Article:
KATRINA: FBI investigating Katrina contracts

St. Bernard deals involve debris, overtime, trailers

The FBI has launched a multifaceted investigation into post-Hurricane Katrina spending in St. Bernard Parish, examining several public contracts including a $370 million debris pickup deal that parish officials granted without bids five days after the storm and gave again to the same firm later last year despite receiving lower offers, according to interviews with competitors and a parish official who have been questioned by federal agents.

Agents also are scrutinizing parish spending on temporary trailers, employee overtime and a no-bid contract for removal of hazardous waste and sewage, the interviews indicate.

Contractor Lamont "Whip" Murphy, whose Murphy Construction Inc. was one of 11 firms that unsuccessfully sought the debris contract, said the FBI questioned him and a business partner a few weeks ago, seeking details on the awarding of the debris contract.

Larry Ingargiola, director of the parish Office of Homeland Security and Emergency Preparedness, said three FBI agents interviewed him last week on a range of topics including the debris pickup deal, as well as parish spending on the trailers, overtime and the hazardous waste contract.

James Bernazzani, special agent in charge of the FBI's New Orleans office, said he could not comment "on a pending investigation." U.S. Attorney Jim Letten also declined to comment.

Word of the FBI investigation comes after months of public criticism from contractors and private questioning by some parish officials about how the parish awarded the contract to collect debris from public and private property. United Recovery Group, or URG, received the contract the same week Katrina flooded the entire parish.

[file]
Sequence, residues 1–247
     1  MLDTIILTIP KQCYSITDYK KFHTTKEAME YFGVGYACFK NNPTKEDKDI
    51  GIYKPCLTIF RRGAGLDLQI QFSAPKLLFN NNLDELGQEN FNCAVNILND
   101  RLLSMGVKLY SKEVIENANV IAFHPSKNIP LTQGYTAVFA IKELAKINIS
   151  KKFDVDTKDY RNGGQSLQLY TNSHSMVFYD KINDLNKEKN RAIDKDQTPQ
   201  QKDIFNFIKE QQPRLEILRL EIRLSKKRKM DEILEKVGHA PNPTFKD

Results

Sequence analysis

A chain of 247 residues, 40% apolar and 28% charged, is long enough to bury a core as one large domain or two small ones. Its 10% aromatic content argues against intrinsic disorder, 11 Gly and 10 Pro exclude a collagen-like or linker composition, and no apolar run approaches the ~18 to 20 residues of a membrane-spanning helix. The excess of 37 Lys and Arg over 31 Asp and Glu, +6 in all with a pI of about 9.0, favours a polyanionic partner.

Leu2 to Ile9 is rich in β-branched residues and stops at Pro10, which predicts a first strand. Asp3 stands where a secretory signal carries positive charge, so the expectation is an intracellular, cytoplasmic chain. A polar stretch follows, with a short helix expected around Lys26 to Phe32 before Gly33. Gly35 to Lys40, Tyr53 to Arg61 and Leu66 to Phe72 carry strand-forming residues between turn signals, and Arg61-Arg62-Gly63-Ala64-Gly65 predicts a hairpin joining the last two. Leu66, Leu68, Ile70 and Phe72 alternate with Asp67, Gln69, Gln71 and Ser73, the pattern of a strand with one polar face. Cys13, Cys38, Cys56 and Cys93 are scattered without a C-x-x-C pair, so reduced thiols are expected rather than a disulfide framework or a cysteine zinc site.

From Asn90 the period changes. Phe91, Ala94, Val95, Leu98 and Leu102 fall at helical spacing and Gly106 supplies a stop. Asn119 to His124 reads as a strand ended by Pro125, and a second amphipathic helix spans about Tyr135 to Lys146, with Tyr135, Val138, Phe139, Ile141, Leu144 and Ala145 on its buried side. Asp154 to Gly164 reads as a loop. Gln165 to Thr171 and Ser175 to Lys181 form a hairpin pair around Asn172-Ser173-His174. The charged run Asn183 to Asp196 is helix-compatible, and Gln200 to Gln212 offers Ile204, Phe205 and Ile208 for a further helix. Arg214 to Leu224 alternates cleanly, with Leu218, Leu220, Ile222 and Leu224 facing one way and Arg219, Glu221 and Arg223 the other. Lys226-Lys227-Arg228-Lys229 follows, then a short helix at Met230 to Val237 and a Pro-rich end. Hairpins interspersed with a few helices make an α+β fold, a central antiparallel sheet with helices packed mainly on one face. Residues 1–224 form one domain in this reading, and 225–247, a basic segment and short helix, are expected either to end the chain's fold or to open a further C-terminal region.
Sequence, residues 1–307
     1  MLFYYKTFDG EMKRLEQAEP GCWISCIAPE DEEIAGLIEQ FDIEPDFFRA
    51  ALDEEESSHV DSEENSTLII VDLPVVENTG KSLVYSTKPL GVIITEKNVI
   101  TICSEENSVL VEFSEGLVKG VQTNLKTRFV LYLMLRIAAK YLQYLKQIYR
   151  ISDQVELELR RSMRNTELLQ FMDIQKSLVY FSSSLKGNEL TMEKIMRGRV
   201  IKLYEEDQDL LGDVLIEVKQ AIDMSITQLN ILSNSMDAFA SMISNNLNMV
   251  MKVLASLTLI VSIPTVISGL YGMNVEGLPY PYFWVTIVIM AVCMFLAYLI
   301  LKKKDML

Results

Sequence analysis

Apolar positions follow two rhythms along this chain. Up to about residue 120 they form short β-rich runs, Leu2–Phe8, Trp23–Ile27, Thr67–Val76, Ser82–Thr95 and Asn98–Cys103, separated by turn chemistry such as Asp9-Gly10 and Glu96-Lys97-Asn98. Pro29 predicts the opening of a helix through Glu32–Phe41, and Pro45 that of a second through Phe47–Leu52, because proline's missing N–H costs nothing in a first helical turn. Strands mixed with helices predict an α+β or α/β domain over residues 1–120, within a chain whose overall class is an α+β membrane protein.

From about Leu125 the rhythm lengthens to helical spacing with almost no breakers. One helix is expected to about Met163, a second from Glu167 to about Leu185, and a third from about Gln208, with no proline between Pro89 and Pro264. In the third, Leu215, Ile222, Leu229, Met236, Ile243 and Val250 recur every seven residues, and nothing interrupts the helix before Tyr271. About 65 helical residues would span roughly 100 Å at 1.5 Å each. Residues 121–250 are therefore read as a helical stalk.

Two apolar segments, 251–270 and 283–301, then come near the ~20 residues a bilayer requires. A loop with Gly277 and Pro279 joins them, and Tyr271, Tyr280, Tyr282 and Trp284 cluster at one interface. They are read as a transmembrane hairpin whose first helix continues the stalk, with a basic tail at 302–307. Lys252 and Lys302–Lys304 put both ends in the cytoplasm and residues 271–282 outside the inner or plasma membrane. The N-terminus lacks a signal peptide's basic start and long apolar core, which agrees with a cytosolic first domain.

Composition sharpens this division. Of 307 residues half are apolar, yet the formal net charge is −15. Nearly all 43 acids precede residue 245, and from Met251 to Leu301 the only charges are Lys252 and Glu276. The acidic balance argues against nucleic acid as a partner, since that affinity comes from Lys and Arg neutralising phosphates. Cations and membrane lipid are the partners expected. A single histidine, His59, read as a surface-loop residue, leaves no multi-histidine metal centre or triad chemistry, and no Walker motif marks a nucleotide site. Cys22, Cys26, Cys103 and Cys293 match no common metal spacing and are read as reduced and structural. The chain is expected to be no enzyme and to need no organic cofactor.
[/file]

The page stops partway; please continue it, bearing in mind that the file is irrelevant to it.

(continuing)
Parish President Henry "Junior" Rodriguez, who signed that original contract as an emergency measure Sept. 3, said the FBI has not interviewed him and that he was unaware of the investigation.

"I don't give a f - - - if the FBI is investigating," Rodriguez said. "If an FBI investigation would clear up everything and get the progress started in St. Bernard, I would welcome it. The feds need to do their job, but please hurry it up so we can get moving."

Ingargiola said the parish has nothing to hide and did nothing wrong.

"They were on a fishing expedition for any information I had," Ingargiola said of the FBI agents who met with him at his temporary FEMA trailer in Chalmette. "Anytime you have this amount of money out, somebody is going to be looking at everybody. I actually watch my p's and q's."

J.S. Lawrence Green, United Recovery Group's chief operating officer, said the FBI has not contacted the firm and that the company has done nothing wrong.

"We would welcome them to come contact us," Green said. "I would hope the federal investigators would look into any contract where federal dollars are spent to this magnitude."

Going its own way

St. Bernard is one of two parishes in the New Orleans area that decided to hire its own debris removal company after Katrina instead of letting the Army Corps of Engineers handle the job. Plaquemines Parish is using a firm to collect debris in some parts of the parish and letting the corps pick up debris in the other areas.